Junk food is everywhere. We're eating way too much of it. And we're getting fat. Most of us know what we're doing and yet we do it anyway. So here's a suggestion offered by two researchers at the Rand Corp.:  Why not take a lesson from alcohol control policies and apply them to where food is sold and how it's displayed? “Many policy measures to control the obesity epidemic assume that people consciously and rationally choose what and how much they eat and therefore focus on providing information and more access to healthier foods,” note Dr. Deborah A. Cohen and Lila Rabinovich of Rand.
ENTERTAINMENT
April 10, 2014 | By Joy Press
The fantasy of being a writer appeals to so many of us: sitting in a book-lined study crafting perfectly wrought sentences, which an illustrious publisher swiftly transforms into a bestselling book and an indelible literary legacy. Missing from that idealized image is - well, the reality. Most writers struggle and stumble at every stage. It's hard to start a manuscript and harder to finish it. Rejection is rampant. And finding a way to earn a living that allows time to write - that can be the toughest trick of all. The Times sent out a survey to authors participating in the Festival of Books with questions about their experience as writers and got more than 200 responses.
ENTERTAINMENT
April 1, 2012 | By Carolyn Kellogg, Los Angeles Times
My assignment: Read almost 300 literary biographies in more than 800 pages, all of English-language authors, beginning in the 17th century and ending in the present day. "That's like reading a reference book!" said a shocked friend. Yes, but no: Every entry in "Lives of the Novelists" is written by just one person, British critic John Sutherland, so the book has an internal continuity that makes it read like history, not an encyclopedia. And Sutherland's writing is just plain delightful.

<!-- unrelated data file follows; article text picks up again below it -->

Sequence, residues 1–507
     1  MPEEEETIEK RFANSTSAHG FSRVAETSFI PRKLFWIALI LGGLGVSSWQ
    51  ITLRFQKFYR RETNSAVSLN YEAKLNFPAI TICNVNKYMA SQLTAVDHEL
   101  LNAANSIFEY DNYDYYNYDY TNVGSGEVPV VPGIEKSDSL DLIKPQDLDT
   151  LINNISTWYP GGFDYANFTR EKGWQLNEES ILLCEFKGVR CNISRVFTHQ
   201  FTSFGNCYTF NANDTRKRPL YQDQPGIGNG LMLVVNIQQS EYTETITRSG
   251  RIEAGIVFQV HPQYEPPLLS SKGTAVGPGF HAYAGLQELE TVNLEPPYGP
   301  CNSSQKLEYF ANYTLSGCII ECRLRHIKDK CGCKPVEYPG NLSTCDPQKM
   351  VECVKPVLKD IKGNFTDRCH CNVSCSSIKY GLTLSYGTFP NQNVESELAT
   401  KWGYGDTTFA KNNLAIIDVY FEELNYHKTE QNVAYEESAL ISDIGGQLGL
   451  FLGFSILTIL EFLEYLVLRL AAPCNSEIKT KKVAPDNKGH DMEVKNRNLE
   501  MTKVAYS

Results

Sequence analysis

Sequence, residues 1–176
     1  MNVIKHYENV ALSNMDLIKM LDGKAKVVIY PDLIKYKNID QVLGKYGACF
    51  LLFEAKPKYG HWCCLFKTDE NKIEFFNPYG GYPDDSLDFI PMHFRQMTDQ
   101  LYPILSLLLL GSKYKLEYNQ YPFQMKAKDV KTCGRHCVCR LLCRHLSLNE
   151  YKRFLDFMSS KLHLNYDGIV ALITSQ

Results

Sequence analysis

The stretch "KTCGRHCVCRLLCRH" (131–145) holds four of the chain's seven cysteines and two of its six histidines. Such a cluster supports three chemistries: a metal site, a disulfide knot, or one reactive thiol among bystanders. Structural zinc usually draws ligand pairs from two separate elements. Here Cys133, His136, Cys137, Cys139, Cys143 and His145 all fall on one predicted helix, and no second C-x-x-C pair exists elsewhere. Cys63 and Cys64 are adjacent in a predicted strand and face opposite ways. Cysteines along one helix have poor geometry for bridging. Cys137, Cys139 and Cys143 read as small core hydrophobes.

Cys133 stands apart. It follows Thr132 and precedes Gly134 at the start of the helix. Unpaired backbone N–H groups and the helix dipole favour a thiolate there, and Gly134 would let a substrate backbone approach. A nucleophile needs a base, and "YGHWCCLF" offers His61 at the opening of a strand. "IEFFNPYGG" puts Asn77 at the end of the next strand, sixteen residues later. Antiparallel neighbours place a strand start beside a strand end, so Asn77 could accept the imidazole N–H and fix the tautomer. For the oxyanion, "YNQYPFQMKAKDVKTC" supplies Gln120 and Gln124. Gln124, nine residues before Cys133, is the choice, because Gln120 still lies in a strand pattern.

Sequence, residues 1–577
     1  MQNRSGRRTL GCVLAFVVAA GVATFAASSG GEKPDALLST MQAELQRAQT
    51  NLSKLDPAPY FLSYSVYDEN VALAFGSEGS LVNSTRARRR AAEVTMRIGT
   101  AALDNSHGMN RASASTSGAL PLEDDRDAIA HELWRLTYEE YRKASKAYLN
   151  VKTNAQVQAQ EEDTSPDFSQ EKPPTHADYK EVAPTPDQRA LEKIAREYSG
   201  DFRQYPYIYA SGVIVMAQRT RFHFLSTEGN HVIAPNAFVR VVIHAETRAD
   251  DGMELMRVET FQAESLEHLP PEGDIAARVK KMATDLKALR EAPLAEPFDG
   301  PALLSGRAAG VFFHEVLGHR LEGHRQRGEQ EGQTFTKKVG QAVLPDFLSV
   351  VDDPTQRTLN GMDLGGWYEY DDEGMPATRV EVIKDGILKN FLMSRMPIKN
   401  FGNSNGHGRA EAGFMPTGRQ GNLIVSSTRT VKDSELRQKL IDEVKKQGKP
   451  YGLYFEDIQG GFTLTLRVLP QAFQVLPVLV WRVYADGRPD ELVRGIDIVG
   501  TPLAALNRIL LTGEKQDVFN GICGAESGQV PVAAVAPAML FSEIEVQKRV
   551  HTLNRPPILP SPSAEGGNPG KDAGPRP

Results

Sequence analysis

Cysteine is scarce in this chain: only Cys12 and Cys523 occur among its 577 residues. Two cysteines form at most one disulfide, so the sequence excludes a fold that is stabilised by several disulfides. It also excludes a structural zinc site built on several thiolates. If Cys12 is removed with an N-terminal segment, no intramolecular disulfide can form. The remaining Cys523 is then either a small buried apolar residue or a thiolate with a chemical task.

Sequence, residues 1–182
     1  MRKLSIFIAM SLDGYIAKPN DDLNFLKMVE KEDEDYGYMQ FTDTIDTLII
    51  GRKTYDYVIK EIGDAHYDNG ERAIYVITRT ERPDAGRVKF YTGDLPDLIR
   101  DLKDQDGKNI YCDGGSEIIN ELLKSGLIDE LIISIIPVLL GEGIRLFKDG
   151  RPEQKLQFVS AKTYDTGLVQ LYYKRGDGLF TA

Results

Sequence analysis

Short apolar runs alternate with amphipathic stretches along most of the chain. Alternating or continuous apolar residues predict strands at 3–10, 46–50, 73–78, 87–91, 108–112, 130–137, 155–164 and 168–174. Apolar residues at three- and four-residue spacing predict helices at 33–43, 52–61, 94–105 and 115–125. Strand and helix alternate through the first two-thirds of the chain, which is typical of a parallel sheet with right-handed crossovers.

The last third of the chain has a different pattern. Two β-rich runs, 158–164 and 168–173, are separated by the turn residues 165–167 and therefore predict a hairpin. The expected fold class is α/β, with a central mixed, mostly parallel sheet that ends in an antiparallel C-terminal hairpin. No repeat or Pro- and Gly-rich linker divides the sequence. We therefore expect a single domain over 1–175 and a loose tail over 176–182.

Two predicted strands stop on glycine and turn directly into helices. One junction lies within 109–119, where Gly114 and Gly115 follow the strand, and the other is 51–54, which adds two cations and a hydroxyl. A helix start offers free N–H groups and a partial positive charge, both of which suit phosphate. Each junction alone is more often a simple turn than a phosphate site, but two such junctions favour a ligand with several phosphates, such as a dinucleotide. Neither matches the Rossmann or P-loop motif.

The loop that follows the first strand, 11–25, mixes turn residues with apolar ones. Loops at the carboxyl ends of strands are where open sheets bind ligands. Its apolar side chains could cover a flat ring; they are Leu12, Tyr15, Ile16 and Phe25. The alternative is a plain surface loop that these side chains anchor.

NEWS
December 10, 1990 | JOHN BALZAR, TIMES STAFF WRITER
The room is No. 206, Hemingway's room. The wallpaper has been changed. So have the furniture, the plumbing, the lights, the lock--everything changed and modernized many times. Everything but the mystique. About twice a month on the average, year in and year out, devotees of the enduring writer and epic character are drawn to Sun Valley Lodge to book his old room and undertake a subtle, personal and sometimes moving journey of rediscovery of a man whose memory lives on here and in nearby Ketchum.